NEW MARLBORO – A local woman who became a postmaster because she lived in the same building as the post office celebrated her 25th working anniversary yesterday.
Mrs. George E. Lester had moved to this town with her husband in 1934. They occupied the house in which the one-room post office is located. The following year, the position of postmaster was open and Mrs. Lester accepted it. She has been postmaster here really since January 9, 1935, but officially since August 15 of the same year.
Perhaps one of the friendliest post offices in the county, Mrs. Lester’s Government Post Office is decorated with an old spinning wheel and old-fashioned crockery, which she collected. A white clapboard, announcing the post office, hangs in front of the seven-room house that faces the city green. The house was built in 1826. An American flag is on a banner near the front door.
Mrs. Lester is the 30th postmaster of this city. A post office was established here in 1806 and moved to its present site in 1920. Ms. Lester said that since returning to work, mail volume has increased by around 80%. She explained that when she started, the salary for the small office was negligible. But as the volume increased, so did his compensation.
There is one mail delivery and forwarding per day here, just like when Mrs. Lester started working in the office. But the Post Office now boasts of overnight delivery. Ms Lester said the metro plan with hub-and-spoke trucks offers the fastest service ever.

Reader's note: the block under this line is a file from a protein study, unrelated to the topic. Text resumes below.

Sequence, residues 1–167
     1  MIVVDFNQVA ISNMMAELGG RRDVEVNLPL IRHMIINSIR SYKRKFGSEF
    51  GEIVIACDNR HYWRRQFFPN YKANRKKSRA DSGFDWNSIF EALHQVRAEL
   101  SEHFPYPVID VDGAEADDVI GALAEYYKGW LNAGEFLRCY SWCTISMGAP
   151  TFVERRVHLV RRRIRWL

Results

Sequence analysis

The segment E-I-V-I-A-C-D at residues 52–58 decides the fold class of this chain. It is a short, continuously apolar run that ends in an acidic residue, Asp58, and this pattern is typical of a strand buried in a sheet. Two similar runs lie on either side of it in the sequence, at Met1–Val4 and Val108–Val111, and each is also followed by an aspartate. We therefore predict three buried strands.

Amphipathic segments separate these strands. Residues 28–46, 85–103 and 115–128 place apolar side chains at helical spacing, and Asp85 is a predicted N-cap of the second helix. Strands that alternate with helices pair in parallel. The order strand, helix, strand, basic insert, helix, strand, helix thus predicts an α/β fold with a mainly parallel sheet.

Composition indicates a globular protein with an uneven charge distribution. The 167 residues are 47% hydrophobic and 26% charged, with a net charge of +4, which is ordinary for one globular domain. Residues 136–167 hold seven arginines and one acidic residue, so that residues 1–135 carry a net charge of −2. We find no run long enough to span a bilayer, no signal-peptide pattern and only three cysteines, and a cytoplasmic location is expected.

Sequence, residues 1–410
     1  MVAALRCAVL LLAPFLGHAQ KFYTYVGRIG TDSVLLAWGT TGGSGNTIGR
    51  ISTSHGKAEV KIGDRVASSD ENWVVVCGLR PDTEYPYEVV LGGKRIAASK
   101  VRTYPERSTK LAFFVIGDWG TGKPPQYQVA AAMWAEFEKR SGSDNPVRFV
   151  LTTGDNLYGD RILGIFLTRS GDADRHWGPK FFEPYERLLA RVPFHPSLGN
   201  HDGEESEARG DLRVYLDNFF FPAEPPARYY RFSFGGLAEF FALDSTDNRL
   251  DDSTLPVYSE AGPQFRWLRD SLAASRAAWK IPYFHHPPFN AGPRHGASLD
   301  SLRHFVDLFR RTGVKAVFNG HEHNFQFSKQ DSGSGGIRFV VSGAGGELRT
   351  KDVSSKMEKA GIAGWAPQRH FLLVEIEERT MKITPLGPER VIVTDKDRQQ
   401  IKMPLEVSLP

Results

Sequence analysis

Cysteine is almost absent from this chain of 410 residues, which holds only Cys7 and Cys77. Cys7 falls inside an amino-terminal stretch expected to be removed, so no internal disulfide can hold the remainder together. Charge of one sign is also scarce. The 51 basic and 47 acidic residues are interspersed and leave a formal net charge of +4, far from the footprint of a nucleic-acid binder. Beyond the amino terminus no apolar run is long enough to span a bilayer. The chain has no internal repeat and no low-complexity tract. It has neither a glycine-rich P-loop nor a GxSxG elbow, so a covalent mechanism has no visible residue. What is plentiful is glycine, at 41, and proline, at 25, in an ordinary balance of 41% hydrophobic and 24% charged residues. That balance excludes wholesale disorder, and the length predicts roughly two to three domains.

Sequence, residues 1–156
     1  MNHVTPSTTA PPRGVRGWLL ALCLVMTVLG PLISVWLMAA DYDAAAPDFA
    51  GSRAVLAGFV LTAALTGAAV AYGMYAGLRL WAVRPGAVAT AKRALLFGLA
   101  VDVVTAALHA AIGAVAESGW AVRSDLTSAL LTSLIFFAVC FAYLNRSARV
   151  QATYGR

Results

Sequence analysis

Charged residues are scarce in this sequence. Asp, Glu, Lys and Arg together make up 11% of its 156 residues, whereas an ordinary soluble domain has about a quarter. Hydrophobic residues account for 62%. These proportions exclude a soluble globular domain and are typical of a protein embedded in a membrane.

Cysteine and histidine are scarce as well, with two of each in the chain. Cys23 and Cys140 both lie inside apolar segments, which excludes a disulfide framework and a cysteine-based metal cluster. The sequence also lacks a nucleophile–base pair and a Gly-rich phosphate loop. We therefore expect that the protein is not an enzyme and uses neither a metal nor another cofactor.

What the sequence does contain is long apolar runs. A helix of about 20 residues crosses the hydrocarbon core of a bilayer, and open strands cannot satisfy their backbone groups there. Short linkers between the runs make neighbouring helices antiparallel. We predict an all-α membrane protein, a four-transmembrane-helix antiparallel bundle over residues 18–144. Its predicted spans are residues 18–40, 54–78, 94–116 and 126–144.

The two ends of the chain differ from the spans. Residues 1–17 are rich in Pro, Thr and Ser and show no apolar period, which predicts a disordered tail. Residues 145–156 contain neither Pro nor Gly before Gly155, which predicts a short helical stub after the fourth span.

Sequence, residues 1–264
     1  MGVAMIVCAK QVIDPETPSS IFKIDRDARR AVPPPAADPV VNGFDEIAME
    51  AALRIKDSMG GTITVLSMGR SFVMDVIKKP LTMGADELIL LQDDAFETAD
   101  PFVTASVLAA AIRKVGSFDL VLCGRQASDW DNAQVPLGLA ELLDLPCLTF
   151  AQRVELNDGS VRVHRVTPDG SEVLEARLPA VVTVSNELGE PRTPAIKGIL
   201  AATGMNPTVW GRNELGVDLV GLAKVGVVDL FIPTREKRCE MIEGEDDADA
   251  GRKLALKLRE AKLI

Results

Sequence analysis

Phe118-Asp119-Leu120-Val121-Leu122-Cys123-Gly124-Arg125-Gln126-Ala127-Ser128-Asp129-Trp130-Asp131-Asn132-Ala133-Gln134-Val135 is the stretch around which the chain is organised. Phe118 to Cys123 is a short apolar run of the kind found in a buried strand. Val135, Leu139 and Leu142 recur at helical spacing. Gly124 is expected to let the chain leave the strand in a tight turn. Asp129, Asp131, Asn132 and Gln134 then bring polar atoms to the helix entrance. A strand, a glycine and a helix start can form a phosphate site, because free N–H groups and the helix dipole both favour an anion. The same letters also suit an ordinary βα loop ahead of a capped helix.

Being postmaster keeps Ms. Lester active, but she is still able to indulge in watercolor painting and rug hooking and braiding. Since there are no locked post office boxes at the post office, Ms. Lester has to deliver all the mail. This gives her a chance to talk with her neighbors and find out what’s going on around town.
“Most of the juicy gossip escapes me though,” she said without regret.
Originally from Staten Island, NY, Ms. Lester resided there until her marriage 34 years ago. She and her husband have lived here for 26 years. He was originally from that town and was employed as a painter by Gilligan Brothers of Sheffield, contractors. The couple have a daughter, Mrs. Francis Sottile of Simsbury, Connecticut, and three grandchildren.
This story within a story is selected from the archives by Jeannie Maschino, The Berkshire Eagle.